Artificially intelligent machines could streamline a company's operations. Or, as the doom-and-gloomers say, one day they could supersede human founders. To help Inc. figure this out, we called Iya Khalil, co-founder of an A.I.-powered health startup, and Louis Del Monte, a scientist who's written extensively about A.I.
Elon Musk has said that A.I. could wipe out the human race. Could it?
Iya Khalil: Some applications of A.I. may be concerning. But we're just starting to see machine learning improving treatments in medicine.
Louis Del Monte: Experiments suggest that once machines have neural networks, they will be able to ignore their initial programming. We won't be able to program laws and assume that humanity is safe.
Might some factor make A.I. unlikely to be used widely by businesses in the near future?
Khalil: Its inability to distinguish between cause and effect. But we can start empowering physicians to make better decisions--and spend more time with patients--since machines automate certain menial tasks.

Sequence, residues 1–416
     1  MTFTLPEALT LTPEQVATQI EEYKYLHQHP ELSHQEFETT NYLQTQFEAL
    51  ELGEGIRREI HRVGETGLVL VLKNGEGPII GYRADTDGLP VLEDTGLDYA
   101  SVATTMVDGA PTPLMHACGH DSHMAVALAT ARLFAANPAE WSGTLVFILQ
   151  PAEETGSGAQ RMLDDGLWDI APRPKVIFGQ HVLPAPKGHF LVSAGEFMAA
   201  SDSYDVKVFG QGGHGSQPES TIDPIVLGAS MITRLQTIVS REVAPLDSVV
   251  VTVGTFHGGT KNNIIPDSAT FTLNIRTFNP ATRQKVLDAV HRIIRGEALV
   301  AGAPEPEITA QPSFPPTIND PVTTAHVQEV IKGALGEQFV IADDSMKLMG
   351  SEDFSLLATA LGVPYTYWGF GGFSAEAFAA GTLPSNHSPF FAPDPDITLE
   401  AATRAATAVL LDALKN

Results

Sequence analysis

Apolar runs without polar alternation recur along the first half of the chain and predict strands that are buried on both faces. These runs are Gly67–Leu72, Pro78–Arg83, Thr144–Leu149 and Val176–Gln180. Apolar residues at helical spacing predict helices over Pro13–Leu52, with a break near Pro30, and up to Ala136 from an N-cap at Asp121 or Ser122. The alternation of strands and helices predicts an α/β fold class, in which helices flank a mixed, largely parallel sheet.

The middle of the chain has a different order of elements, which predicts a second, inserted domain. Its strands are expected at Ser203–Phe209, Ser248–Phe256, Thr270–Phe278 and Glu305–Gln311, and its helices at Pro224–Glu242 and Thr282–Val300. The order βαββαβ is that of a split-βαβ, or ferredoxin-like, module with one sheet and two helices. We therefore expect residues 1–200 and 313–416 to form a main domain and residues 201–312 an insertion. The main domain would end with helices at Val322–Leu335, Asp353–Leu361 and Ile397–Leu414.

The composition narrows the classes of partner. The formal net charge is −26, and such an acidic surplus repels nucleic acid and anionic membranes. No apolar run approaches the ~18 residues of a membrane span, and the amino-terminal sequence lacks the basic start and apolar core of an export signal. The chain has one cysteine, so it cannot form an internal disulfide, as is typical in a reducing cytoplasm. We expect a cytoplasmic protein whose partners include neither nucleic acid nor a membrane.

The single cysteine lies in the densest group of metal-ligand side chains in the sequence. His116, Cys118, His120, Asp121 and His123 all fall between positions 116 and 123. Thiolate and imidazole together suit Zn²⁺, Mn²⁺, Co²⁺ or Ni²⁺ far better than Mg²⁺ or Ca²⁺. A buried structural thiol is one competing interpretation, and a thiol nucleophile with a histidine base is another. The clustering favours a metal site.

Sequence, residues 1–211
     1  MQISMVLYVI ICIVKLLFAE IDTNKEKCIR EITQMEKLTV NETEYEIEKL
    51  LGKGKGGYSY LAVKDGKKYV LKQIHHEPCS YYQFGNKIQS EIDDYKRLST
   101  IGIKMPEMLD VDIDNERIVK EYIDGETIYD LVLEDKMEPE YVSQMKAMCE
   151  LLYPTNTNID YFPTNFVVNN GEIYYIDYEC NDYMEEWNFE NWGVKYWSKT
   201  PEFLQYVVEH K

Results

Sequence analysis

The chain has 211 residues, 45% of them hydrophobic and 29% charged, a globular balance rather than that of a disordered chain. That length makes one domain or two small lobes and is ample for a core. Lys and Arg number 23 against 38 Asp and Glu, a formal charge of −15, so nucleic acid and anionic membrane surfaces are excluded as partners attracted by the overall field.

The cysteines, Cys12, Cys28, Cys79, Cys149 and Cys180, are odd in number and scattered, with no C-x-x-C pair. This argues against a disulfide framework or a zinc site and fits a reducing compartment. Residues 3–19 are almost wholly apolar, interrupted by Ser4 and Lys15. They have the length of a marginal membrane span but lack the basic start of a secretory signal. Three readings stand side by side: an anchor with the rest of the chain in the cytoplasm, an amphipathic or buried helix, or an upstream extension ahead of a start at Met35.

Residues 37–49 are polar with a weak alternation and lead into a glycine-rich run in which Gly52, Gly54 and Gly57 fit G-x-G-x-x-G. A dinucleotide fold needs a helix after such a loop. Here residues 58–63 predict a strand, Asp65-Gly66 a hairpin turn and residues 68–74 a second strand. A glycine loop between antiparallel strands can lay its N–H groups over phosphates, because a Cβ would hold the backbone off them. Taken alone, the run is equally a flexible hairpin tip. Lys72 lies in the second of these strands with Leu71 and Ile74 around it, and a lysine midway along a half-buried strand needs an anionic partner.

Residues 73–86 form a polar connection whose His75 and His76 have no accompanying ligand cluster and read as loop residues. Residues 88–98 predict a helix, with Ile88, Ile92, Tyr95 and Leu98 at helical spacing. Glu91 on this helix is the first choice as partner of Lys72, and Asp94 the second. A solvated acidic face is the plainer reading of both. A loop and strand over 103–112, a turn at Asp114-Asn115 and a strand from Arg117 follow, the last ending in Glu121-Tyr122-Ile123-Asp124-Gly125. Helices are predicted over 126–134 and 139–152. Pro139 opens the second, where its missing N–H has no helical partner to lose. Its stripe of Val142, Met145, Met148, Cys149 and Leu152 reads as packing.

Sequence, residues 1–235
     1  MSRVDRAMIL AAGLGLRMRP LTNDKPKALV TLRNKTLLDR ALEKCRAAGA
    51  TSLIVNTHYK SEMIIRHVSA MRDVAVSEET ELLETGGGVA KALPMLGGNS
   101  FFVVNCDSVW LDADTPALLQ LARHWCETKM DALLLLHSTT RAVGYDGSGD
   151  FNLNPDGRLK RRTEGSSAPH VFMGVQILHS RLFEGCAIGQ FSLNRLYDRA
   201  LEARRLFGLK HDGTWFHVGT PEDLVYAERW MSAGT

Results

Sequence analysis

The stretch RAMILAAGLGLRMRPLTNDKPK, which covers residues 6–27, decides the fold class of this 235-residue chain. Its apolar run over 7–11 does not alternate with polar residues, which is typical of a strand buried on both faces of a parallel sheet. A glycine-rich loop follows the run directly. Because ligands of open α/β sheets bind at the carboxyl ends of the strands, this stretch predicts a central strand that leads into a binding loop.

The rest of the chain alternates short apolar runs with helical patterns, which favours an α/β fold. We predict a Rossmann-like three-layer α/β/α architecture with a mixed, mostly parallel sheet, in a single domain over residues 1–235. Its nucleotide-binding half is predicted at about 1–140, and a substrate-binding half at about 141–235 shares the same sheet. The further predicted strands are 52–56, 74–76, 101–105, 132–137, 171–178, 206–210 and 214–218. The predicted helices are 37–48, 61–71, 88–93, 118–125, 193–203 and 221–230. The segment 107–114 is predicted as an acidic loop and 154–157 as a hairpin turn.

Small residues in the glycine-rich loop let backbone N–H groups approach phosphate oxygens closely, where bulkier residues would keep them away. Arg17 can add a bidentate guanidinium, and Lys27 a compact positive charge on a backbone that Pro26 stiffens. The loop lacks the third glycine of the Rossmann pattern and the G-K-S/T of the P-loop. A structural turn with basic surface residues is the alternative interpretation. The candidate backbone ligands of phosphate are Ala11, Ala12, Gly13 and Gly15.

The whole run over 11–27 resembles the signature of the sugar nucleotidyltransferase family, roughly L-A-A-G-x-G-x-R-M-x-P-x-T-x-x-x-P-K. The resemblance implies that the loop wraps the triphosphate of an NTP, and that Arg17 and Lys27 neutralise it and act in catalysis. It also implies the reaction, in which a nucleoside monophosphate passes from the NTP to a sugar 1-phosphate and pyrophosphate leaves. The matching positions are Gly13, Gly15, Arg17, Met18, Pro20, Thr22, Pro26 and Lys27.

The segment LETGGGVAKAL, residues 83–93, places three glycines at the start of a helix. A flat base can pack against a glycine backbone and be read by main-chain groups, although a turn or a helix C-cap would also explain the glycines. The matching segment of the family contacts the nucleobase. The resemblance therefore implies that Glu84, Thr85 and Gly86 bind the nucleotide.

Del Monte: Machines are very close to passing the Turing test--where a person could converse with a machine via text and not know that it was a machine. That's when A.I. is as "intelligent" as a human.
What is an unforeseen consequence of A.I. adoption?
Khalil: There may be a point when we've built so many machines that we lose track of how they work and lose our ability to control them. We need to be thoughtful and plan for problems ahead of time.
Del Monte: We're already implanting chips in the brains of people who are having strokes. Soon we might be using these to help people with low IQs become "normal." Once that happens, will those humans identify more with machines--or will they retain their humanity?
Could a machine become smart enough to start and run a company?
Khalil: We could design a machine that is smart enough to run a company, yes. The question is: Would it have the desire to? Would it have the creativity?
Del Monte: I believe that by midcentury, we'll have a machine that equates to an Elon Musk.
Advantage: Del Monte
According to a recent article in the Washington University Law Review, algorithmic entities, or AEs, are nearly sophisticated enough to run a company--and have a particular comparative edge when it comes to "criminal enterprise."